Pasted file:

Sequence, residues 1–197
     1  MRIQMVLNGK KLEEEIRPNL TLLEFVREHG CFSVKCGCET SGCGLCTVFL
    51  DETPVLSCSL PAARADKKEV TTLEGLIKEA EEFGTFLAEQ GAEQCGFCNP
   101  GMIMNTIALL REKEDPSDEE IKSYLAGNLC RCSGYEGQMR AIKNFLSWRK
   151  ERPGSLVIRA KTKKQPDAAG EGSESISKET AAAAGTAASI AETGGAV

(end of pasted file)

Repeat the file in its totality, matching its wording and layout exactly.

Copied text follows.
Sequence, residues 1–197
     1  MRIQMVLNGK KLEEEIRPNL TLLEFVREHG CFSVKCGCET SGCGLCTVFL
    51  DETPVLSCSL PAARADKKEV TTLEGLIKEA EEFGTFLAEQ GAEQCGFCNP
   101  GMIMNTIALL REKEDPSDEE IKSYLAGNLC RCSGYEGQMR AIKNFLSWRK
   151  ERPGSLVIRA KTKKQPDAAG EGSESISKET AAAAGTAASI AETGGAV